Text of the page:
5 Let the same mind be in you that was in Christ Jesus, 6 who, because he was in the form of God, did not regard equality with God as something to be exploited, 7 but emptied himself, taking the form of a slave, being born in human likeness. And being found in human form, 8 he humbled himself and became obedient to the point of death— even death on a cross.
9 Therefore God also highly exalted him and gave him the name that is above every name, 10 so that at the name of Jesus every knee should bend, in heaven and on earth and under the earth, 11 and every tongue should confess that Jesus Christ is Lord, to the glory of God the Father.
The reflective, penitential season of Lent that leads us to Easter has been observed for different lengths at different times. In this twenty-first century, churches that follow the lectionary for their scripture readings generally observe Lent during the 40 days (excluding Sundays) from Ash Wednesday through Wednesday in Holy Week.
Triduum / Three Days
In a few days we move into the services of Maundy Thursday – Good Friday – Easter that form a single liturgy. One of my favorite activities is creating a resurrection trilogy by attending Saturday evening Easter Vigil, Sunday Sunrise, and mid-to-later morning Sunday services. I'd love to add an Easter afternoon or evening liturgy to that. Maybe I need to check out the downtown LA Cathedral?
On this last Sunday in but not of Lent, many churches start worship by reenacting Jesus' triumphal entry into Jerusalem with palms or some variety of locally grown green branches, and continue to his arraignment, trial, conviction, crucifixion, and death. The gospels of Mark and Matthew tell us when Jesus died the temple curtain tore from from top to bottom, symbolizing the reality of the reconciliation of heaven and earth. The word for tore is one that can't be mended; in Matthew, the earth shook, rocks split open. All creation responded!
Almost forever scholars have imagined Paul quoted a hymn from another source, but Gordon Fee, professor emeritus at Regent College, Vancouver says:
If it was originally a hymn of some kind, it contains nothing at all of the nature of Greek hymnody or poetry. Therefore, it must be Semitic in origin. But … It lacks the rhythm and parallelism one might expect of material that is to be sung. And in any case, it fits very poorly with the clearly hymnic material in the Psalter or in Luke 1:46-55, 68-79, or in 1 Timothy 3:16b, to name but a few clear NT examples of hymns.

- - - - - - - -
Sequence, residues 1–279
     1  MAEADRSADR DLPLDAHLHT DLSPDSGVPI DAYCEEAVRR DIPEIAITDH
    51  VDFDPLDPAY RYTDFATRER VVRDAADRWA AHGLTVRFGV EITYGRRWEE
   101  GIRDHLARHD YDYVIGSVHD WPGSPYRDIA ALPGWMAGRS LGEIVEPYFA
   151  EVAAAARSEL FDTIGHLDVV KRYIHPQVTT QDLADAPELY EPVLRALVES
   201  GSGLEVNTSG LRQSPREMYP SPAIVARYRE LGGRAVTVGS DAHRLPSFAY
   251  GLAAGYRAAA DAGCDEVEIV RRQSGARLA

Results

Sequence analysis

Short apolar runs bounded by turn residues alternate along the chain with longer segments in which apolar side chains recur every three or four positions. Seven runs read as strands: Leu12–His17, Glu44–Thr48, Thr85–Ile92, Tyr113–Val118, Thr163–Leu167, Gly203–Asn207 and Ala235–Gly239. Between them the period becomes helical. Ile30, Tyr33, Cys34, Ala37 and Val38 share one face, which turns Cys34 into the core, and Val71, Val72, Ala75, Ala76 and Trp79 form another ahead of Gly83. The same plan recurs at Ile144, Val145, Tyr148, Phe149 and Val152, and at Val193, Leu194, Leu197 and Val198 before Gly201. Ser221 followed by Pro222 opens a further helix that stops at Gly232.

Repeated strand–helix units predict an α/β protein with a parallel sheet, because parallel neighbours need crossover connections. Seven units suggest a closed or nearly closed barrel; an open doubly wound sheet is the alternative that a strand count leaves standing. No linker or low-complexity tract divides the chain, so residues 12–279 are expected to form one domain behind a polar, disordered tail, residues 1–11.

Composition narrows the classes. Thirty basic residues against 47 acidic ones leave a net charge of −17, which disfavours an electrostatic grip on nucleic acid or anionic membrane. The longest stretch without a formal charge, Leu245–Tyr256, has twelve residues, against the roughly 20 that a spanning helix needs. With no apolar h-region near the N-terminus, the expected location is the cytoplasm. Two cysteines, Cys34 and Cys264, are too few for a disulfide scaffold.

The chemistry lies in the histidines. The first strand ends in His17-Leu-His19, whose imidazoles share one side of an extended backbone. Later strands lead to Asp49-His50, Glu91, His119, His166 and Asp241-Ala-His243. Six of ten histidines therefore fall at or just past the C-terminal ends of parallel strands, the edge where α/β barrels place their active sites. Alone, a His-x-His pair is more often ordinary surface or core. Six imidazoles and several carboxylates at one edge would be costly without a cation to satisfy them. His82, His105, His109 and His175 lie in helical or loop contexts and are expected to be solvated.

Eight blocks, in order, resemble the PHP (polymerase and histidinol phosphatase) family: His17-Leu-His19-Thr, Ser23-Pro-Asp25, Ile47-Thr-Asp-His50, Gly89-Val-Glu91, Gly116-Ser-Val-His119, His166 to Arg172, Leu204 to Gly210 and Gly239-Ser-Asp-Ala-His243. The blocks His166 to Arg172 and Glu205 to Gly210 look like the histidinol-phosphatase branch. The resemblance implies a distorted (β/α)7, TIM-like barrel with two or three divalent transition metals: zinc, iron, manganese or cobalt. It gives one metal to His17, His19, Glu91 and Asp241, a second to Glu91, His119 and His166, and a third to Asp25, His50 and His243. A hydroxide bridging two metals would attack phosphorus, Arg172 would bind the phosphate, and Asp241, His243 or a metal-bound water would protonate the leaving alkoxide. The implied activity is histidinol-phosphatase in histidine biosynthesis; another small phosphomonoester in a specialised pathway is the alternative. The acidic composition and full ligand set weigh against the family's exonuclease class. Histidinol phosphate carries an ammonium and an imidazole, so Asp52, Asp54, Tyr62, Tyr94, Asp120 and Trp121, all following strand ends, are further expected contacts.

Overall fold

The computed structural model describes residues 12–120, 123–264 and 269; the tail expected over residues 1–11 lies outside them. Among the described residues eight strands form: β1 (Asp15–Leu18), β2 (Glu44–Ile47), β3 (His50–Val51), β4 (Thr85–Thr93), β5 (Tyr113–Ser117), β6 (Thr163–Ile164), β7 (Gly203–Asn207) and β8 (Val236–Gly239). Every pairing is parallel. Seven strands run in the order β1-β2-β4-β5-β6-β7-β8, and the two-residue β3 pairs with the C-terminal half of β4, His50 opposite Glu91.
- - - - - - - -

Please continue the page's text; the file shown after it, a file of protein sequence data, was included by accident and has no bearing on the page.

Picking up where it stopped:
Whether or not it's an original by Paul or had been circulating around Christian circles, the cruciform theology of this hymn is pivotal.
gods and God
In the Ancient Near East/ANE gods were an ordinary part of daily life. Every city, town, and village, (almost every random mound of dirt) had its own deity. People imagined those gods demanded tribute in the form of money, food, shrines, sacrifices—human or animal ones at worst. People pictured gods being full of vanity and pretension. Aside from deities of place and function, you might find yourself interacting with a half-mortal, half-divine being who was offspring of a human and of a god. In Jesus Christ, we have a savior, a redeemer who is fully human and completely divine. Nothing halfway about him!
In The Message translation of this passage from Philippians, Pastor Eugene Peterson says Jesus "set aside the privileges of deity." Those divine privileges would have been ones the fake gods people invented would claim. They were not attitudes or actions the God of the bible ever would have assumed. In other words, being in the image of the real God of Earth and Heaven, Jesus took on the real attributes of that God including love, mercy, service, grace, and forgiveness.
In contrast to human ideas about divinity, the God of the bible especially self-reveals in the cross, in Jesus of Nazareth's crucifixion—and resurrection.
Theology of the Cross
Theology of the cross is about God's own self-revelation, especially in Christ crucified. Theology of the cross is about God's frequently hidden, paradoxical both/and presence in the commonest things, people, and situations.
Theology of glory is about human ideas and imaginings of how a powerful, all-knowing, sovereign God might act. Taking this further, theology of glory sometimes is about the ways humans wish God would behave. Varieties and variations of prosperity gospel are theologies of glory.
Reformer Martin Luther reminds us to see the fullness of God's power and sovereignty, look to the Bethlehem manger – look to the Calvary cross. "The God who became small for us in Christ" … small enough to die.